Source: YouTube.

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I've been watching some 1930s mysteries set in Britain. Each time I watch these, I keep wishing that more Agatha Christie mysteries had been filmed back in the 30s.

Charlie Chan in London: a young man is about to be hanged for the murder of another man. This man's sister gets Charlie Chan to help find the real killer.

The Terror: two crooks help an anonymous boss steal a lot of money. The boss betrays them and they wind up in jail. Once they're out, they go to an isolated mansion where they're convinced the boss is hiding. The first part of this film is gangster-style, but soon it turns into an isolated country house whodunit when someone is murdered. The secret room and the noises which are probably coming from it are a nice touch, too. Alastair Sim steals the show here as one of the crooks.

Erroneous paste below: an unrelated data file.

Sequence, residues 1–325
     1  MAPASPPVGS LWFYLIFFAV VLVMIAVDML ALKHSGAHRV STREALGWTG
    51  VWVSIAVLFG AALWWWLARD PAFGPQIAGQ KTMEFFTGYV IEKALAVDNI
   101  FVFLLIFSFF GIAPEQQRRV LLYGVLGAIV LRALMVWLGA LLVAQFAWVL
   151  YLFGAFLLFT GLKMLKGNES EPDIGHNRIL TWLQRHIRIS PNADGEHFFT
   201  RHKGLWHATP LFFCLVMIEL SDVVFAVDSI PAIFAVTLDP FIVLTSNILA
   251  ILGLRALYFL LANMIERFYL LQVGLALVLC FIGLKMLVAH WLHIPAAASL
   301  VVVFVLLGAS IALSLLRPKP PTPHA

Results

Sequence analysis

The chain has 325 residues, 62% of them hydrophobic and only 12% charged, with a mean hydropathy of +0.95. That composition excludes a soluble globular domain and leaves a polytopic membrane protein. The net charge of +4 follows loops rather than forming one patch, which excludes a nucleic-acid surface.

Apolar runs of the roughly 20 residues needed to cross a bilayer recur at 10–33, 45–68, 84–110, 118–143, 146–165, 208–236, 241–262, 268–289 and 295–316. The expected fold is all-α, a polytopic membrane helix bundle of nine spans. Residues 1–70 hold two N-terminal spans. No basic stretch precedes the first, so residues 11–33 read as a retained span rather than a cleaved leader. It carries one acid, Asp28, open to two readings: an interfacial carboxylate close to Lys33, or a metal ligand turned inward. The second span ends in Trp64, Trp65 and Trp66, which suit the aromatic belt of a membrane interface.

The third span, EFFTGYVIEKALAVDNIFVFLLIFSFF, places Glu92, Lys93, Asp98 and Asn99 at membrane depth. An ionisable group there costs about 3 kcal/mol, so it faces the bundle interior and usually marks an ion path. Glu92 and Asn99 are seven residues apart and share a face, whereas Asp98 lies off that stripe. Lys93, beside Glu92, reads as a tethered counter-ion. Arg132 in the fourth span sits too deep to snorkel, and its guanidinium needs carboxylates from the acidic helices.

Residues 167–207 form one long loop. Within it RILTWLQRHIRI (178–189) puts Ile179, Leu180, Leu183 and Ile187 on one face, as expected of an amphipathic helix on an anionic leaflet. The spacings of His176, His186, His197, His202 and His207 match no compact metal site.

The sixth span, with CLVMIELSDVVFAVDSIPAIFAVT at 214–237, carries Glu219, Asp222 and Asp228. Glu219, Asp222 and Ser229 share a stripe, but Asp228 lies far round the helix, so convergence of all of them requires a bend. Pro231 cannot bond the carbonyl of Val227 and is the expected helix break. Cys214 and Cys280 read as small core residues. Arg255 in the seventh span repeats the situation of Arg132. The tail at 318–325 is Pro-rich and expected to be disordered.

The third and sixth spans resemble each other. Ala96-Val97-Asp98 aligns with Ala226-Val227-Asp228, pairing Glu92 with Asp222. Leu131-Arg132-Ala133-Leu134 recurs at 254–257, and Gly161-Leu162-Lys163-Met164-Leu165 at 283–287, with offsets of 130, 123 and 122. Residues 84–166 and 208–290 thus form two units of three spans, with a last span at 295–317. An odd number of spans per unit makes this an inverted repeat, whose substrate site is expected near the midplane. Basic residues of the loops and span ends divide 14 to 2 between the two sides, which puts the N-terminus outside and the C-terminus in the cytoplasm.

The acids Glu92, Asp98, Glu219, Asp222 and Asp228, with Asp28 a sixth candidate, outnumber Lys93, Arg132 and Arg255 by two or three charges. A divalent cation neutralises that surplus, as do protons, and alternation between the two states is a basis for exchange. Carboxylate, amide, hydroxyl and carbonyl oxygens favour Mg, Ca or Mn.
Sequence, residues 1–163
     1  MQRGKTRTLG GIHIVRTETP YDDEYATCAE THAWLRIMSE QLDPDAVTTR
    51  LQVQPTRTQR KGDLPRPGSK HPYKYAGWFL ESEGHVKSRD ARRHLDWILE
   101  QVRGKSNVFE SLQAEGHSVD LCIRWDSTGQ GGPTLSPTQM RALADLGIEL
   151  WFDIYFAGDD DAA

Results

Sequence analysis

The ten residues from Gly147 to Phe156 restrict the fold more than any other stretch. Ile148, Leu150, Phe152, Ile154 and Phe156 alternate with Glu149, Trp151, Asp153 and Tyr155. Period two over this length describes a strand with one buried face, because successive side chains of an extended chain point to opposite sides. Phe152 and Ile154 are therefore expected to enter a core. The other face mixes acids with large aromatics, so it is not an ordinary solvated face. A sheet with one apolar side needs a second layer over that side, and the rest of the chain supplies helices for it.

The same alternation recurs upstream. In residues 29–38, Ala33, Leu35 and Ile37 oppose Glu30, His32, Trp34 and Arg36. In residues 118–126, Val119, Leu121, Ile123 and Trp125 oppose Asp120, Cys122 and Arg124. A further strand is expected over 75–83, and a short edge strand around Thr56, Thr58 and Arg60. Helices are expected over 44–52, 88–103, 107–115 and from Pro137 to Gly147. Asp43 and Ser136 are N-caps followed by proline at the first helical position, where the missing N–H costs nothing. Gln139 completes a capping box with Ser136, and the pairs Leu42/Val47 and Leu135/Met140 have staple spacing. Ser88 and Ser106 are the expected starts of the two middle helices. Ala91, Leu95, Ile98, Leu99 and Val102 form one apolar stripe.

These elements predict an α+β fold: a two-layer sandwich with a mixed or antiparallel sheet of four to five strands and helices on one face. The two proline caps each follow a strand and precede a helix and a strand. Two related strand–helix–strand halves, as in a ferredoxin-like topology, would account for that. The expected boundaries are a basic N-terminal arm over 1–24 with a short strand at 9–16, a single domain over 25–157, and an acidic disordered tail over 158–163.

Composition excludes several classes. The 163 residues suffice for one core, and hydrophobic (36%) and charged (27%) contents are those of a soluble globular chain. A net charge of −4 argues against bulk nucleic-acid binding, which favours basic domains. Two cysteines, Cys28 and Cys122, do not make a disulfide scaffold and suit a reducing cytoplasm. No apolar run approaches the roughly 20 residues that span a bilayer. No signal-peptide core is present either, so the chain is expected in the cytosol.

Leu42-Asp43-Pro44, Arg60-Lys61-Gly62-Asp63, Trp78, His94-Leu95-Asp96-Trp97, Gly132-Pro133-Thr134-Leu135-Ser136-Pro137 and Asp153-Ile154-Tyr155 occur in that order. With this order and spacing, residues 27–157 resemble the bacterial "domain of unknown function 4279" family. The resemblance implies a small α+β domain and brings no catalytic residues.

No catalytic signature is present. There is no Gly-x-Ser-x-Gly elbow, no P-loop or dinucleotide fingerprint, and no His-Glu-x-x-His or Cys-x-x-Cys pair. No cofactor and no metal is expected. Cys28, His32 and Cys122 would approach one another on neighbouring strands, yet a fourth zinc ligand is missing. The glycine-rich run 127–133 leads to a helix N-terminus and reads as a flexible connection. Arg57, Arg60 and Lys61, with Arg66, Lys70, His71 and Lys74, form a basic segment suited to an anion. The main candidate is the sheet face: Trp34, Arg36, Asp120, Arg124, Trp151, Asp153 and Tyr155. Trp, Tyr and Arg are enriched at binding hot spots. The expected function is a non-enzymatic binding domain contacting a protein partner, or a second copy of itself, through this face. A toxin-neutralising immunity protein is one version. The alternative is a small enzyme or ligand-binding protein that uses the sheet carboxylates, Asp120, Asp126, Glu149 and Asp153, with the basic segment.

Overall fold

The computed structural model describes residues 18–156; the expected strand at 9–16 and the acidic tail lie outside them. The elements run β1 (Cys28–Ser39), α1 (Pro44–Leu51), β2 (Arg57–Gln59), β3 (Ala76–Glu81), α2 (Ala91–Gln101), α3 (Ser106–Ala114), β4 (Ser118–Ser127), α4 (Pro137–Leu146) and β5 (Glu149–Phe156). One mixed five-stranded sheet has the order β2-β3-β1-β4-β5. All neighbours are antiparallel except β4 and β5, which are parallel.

The Shadow: all the elements of a typical 1930s British mystery here - a blackmailer needs to be caught, and this person is likely hiding in the isolated mansion where most of the film takes place. Some red herrings, too. A lot like Agatha Christie, though she came up with much more elaborate endings.

The Mystery of Mr. X: clever story about a serial cop killer on the loose. A diamond thief is at the wrong place at the wrong time (and therefore a suspect in the murders) and he has some work to do to get Scotland Yard off the trail of the stolen diamond (which he wants to cash in ASAP). Lots of VERY clever twists and turns in this gem.

The Ghost Camera: a fellow comes home and finds that a camera had been tossed into his car. He develops some of the pictures and he gets curious about the pics and the camera's owner. Meanwhile, the camera is stolen from his home. This fellow goes off in search of the camera's owner and later, he attempts to solve the mystery of other pictures which he developed.

The Ghost Camera is based on a story by an author who wrote a couple of novels which I've read. In one of these other novels, a man who lives alone locks up his house and goes on holidays. At a train station (or somewhere), he overhears someone asking the operator for HIS phone number...and he hears this person talking to someone at his own home! But no one is supposed to be at home! Interesting novel.